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Flames 6, Senators 1: Staying afloat by stretching the ice

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Photo credit:John E. Sokolowski-USA TODAY Sports
Craig Petter
1 year ago
After they surrendered so many rushes to Winnipeg on Wednesday, it was refreshing to see the Calgary Flames seizing free ice themselves against the Ottawa Senators last night. In fact, it was better than that. The Flames did not score six goals last night because their opponent’s goofs and gaffes gifted them breakaways. The Flames scored six goals last night because they created their own space.
Shift after shift, the Flames pummelled the Senators by separating the puck from their bunched and clustered opponents in key moments. They shadowed and pressured and shoved and passed their way to open slabs of ice. Drawing Ottawa defenders towards them and suddenly pitching the puck in the other direction spread the rink open like velvet curtains on a vaudeville stage. And with all that space to occupy, the Flames put on a show.
As slick as Mark Giordano’s pass to Johnny Gaudreau on the first goal was, its second assist deserves some attention. The puck support that Matthew Tkachuk provides in the defensive zone unlocks the entire sequence. As a winger, he begins that play by hovering along the wall. Elias Lindhom rightfully tails a battling Chris Tanev as the centreman assigned puck support duties. But the puck bounces away from Tanev. Lindholm becomes responsible for engaging in the new puck battle—but he needs support now, too. Tkachuk instantly recognizes that Tanev is tied up, so he needs to drift down and step up as the second man on the puck before a Senators forward does. After all, being outmatched and outnumbered eight feet away from your own net is… less than ideal. So Tkachuk jumps below the increasingly clogged goal line, retrieves the puck, flings it far from the clump of bodies in that corner and onto Giordano’s tape. And now the Flames captain has an endless expanse of ice through which he can laser a pass to a springing Gaudreau.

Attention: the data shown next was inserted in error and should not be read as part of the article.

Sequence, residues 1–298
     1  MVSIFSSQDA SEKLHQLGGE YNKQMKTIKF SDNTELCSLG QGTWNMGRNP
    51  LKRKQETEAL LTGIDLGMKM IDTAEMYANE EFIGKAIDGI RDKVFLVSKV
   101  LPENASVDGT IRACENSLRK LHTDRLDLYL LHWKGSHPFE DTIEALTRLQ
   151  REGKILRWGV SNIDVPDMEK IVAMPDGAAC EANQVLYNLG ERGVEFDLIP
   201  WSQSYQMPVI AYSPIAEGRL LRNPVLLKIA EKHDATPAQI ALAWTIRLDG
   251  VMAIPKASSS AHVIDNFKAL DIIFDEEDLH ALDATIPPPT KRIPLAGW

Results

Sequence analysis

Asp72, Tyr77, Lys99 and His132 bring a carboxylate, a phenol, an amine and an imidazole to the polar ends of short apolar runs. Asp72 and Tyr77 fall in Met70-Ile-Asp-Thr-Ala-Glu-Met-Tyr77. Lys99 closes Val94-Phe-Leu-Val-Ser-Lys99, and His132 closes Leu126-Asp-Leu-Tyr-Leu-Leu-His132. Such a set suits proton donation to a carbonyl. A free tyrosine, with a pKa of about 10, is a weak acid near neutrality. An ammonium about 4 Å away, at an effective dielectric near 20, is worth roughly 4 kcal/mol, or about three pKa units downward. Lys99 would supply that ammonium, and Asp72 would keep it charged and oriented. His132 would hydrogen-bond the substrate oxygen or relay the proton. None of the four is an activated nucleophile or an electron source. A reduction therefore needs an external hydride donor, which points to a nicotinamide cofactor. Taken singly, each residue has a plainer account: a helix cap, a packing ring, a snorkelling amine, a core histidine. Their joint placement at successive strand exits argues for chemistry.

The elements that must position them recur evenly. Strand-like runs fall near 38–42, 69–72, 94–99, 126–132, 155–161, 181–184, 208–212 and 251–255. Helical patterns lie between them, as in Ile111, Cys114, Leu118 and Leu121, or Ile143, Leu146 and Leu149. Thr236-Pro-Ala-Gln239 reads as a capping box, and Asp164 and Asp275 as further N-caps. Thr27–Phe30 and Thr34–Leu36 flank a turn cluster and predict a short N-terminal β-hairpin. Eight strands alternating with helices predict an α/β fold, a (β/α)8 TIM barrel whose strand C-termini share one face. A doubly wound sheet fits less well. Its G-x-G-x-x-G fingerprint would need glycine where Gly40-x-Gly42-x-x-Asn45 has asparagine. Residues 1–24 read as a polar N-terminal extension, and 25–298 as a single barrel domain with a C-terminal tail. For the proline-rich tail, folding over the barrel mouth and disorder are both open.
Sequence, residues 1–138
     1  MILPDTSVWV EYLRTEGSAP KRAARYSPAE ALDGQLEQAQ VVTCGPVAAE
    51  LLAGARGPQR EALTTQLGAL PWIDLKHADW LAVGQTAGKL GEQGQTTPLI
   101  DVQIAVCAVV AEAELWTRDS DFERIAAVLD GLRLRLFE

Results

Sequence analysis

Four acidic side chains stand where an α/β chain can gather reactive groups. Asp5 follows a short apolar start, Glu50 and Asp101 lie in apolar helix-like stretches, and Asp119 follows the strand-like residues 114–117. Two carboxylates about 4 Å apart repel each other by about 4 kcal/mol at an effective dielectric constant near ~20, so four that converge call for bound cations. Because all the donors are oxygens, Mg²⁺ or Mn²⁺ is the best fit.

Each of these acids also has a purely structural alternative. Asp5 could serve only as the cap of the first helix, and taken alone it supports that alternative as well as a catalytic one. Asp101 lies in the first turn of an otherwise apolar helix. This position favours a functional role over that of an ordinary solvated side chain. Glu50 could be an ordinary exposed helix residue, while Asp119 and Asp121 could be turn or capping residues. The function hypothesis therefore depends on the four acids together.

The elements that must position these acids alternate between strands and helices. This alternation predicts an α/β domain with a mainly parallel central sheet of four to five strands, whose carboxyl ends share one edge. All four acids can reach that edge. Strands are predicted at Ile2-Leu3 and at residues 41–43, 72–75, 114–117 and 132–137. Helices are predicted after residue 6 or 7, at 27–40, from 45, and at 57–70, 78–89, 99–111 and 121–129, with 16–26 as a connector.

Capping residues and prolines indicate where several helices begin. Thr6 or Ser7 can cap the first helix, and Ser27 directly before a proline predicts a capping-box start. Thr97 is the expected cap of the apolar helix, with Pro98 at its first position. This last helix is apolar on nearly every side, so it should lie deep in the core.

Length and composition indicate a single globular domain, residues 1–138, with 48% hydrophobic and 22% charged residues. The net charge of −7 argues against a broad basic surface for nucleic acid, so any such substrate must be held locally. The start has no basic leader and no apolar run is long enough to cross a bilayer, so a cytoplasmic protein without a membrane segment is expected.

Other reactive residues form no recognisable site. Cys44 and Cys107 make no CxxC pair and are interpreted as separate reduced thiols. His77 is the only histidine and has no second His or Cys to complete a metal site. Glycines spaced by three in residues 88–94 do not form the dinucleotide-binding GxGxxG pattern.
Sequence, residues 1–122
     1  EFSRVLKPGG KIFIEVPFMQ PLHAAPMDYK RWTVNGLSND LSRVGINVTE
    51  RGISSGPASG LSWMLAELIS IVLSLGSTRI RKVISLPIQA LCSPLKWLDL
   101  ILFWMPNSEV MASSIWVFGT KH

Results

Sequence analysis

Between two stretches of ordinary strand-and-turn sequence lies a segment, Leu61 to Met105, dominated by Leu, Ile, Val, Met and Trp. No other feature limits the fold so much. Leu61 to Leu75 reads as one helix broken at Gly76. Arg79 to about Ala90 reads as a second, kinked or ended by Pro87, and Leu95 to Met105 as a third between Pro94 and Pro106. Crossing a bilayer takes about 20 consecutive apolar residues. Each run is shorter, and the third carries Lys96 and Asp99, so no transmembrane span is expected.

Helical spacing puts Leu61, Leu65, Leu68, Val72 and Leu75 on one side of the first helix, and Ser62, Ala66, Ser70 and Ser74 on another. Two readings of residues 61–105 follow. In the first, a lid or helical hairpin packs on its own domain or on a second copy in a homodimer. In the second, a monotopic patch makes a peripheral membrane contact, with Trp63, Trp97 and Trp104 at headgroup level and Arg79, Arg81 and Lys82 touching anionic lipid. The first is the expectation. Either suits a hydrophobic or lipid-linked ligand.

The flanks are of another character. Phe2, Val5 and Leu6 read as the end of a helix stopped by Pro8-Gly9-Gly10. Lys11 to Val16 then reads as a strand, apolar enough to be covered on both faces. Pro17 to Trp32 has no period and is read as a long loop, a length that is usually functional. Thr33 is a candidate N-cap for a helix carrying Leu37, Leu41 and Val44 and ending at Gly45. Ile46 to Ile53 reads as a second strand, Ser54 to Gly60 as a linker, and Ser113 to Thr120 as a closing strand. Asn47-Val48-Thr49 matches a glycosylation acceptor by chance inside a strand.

Watch the broadcast again. When Tkachuk swoops below the goal line, you can actually hear every minor hockey coach in Alberta swoon.
Textbook puck support frees up ice for the Flames on their second goal, too. In the offensive zone, Joakim Nordstrom and Andrew Mangiapane execute a perfect cycle. Mangiapane is providing inside puck support that attracts two Senators away from the slot. Mikael Backlund parks himself in the slot. Mangiapane has the instincts and insight to flick the puck to his centreman the second those Senators really crowd him. Again, the Flames capitalize because sticking close to the puck carrier grants the supporting forward a chance to separate the Senators from the puck and exploit the open ice.
Now, in quintessential Tkachukian fashion, the Flames alternate captain creates space on his goal not by shovelling the puck away from defenders but by shoving the defender himself. Honestly? The more you watch it, the funnier it gets. Tkachuk burrows himself in the slot. Tkachuk bonks a defenceman away from him. Tkachuk bats the incoming puck over the goal line. Now, this has to be the simplest and crudest route to freeing up ice there is. But it’s effective. And we all know Tkachuk is at his best and most useful when he’s bumping bodies and potting goals at the same time. In this case, the former action made the space available to accomplish the latter.
Finally, blink and you’ll miss it, but Milan Lucic zips a pass to Glenn Gawdin for the second assist on Michael Stone’s goal that eerily resembles Mangiapane’s dish to Backlund. Facing Giordano as he regroups, Lucic lumbers through the neutral zone along the boards. The Senators are changing right before his eyes, and a forward in white is huffing right beside him. It’s safe to assume that Lucic is aware that two Senators at once will be collapsing on him the moment he receives the outlet pass from Giordano. So, he doesn’t hesitate. Lucic slingshots the puck directly away from the Ottawa pressure, stretching the ice laterally so Gawdin has half the rink as a highway for him and Stone to cruise down towards the net. And as we can see from that release, Stone’s engines were absolutely revving thanks to all that space.
By the time the Flames scored their fourth goal, their win was cemented. Derek Ryan dazzled and dangled his way to feeding Dillon Dube for a fifth goal. Tkachuk betrayed some impressive vision on the powerplay by corralling the puck, glancing at the four Senators flocking within the right circle and threading a diagonal pass to the top of the left one—stretching the ice, indeed—so Giordano had all the space in the universe to notch the sixth. But this hockey game ended in the second period. The Flames dominated because they paved themselves open stretches of ice through close puck support, shrewd passes and pure aggression. They owe their goals—and their sighs of relief as they stave off mathematical elimination for another moon—to these healthy habits and active instincts. Hopefully no one forgets them during the off-season.

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